The Passage
Justin Cronin

Dear God, I love this book. I've read it twice now and it's getting better with each word. Brian, if you're reading this, thanks for getting me and everyone else at Borders hooked on this. It's magical writing and that rare book where I get so wrapped up in the characters that it destroys me, in real life, when something bad happens to them. Yes, it's about vampires, but it's not what you're thinking. Pinky promise. I've heard the term "popcorn fiction" but that's stupid and untrue. Not only does it pull at the heart strings, but it's as intelligent as most of the philosophy books I read. I think the book best portrays the concept of love and what it really means to love someone like a father, like a brother, and like a lover. And what it means to fight for that love, even in the most hopeless of situations.

Finding George Orwell in Burma
Emma Larkin

Burma has the nicest people in the world. There, I said it. And I stick by that like it's a scientific fact.

But behind the smiles is a lot of pain from a government that is ripped straight out of 1984. In fact, George Orwell used Burma as inspiration for that novel (which, for years, was banned) and Animal Farm. This is a beautiful book and really well written. Although I had read Orwell's books in school, I had no idea about his military past and the stories behind the ideas. I was always taught that his books were about Stalin, but that's not true at all (though, I see where the parallels are). It's a good dive into Burma history while exploring the tragic ramifications of a sneaky government built on power and control.

Doug Dorst/J.J. Abrams

I cannot believe I haven't mentioned this book. I got this book the first time I came to Thailand, and it's a massive, tome of a book that has interactive parts that require a whole table to use while reading it (maps and pictures and napkins and the list goes on). This book floored me. When I first nabbed it from a Thai bookstore, instead of experiencing the new world around me, I stayed at my hostel reading for hours and hours (much to the confusion of the staff). It took me a few months to get through it and took up a 1/4 of my bag. Room in a backpacker's bag is sacred, so I hope that tells you something. This is such a hard book to describe. It's a book written like an old, classic novel like Treasure Island mixed with juicy pulp mystery. But, there is another story written in the margins of the book about two college students who write back and forth to each other and slowly unravel a mystery and, uh, may or may not fall in love. In fact, this book is a romance at the heart, and it truly is one of the most special books I have ever had the privilege to read. It's a long, intensive read though so expect to have to dedicate time to it.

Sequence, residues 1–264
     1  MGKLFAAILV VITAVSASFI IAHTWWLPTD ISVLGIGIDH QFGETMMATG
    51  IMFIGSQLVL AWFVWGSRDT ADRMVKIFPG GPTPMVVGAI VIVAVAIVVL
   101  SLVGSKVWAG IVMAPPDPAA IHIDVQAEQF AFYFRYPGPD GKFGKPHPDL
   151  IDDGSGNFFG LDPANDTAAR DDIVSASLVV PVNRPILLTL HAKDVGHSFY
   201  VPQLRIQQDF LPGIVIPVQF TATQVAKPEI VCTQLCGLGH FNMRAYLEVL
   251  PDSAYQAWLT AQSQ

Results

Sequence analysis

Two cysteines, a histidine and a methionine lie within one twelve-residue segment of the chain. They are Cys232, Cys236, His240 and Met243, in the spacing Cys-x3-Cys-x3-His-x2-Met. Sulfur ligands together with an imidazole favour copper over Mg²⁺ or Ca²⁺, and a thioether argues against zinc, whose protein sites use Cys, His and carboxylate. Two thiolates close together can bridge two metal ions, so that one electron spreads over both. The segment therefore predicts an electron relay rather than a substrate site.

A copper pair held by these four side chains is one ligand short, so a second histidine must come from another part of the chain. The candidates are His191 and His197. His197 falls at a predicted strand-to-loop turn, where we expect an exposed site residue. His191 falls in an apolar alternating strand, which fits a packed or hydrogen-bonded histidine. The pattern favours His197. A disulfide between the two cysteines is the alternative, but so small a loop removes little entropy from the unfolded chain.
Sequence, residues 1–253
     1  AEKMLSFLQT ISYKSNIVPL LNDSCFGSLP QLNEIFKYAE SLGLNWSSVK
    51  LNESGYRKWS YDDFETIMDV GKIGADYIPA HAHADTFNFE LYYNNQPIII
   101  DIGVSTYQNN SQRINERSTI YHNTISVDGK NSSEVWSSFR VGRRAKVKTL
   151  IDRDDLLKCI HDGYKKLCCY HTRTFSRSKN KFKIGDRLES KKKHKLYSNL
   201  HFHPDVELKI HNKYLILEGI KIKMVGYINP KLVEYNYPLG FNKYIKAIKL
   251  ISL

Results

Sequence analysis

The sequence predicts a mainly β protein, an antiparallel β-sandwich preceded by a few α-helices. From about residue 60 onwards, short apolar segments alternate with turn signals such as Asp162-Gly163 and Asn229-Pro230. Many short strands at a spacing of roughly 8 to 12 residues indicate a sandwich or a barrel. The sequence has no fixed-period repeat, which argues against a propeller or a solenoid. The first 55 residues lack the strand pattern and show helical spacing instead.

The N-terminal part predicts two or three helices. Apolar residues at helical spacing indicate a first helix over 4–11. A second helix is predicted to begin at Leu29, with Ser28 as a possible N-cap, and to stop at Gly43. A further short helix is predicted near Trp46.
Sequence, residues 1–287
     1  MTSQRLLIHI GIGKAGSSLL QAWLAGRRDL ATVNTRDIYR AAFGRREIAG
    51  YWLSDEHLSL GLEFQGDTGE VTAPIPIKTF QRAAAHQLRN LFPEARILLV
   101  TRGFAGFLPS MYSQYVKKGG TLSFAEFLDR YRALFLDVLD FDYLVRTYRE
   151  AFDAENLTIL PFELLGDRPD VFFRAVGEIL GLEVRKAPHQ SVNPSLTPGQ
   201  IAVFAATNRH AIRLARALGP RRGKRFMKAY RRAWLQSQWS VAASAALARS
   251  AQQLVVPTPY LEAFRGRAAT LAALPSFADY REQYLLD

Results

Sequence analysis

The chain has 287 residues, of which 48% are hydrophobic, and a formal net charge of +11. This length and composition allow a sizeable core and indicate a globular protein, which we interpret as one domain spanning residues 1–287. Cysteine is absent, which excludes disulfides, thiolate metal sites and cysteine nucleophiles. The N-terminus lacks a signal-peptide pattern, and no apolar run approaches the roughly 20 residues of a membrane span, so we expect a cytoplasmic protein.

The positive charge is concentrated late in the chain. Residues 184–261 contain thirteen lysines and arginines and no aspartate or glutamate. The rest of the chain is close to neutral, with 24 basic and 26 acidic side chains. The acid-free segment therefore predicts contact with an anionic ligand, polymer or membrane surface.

Currently Reading:

Shadows of the Wind
Carlos Ruiz Zafon

I'm a 1/3 of the way through the book and have already underlined over a
hundred different sentences that have knocked the wind from me. It's like one giant love-letter to the beauty and power of words (and to Barcelona). It reminds of when I first reading Les Miserables, and I - still to this day - don't know how Hugo was able to put words in such an order that made sentences and paragraphs works of art. Zafon crafts sentences that melt into you. I've also never cried and laughed so much in a book in recent memory. One of my old bosses at Borders, Marie, said it was the only book she ever re-read. I can't believe it has taken me this long to dive in. Unbelievable writing here. I don't even have to finish it to suggest with head-over-heels admiration. 

No comments:

Post a Comment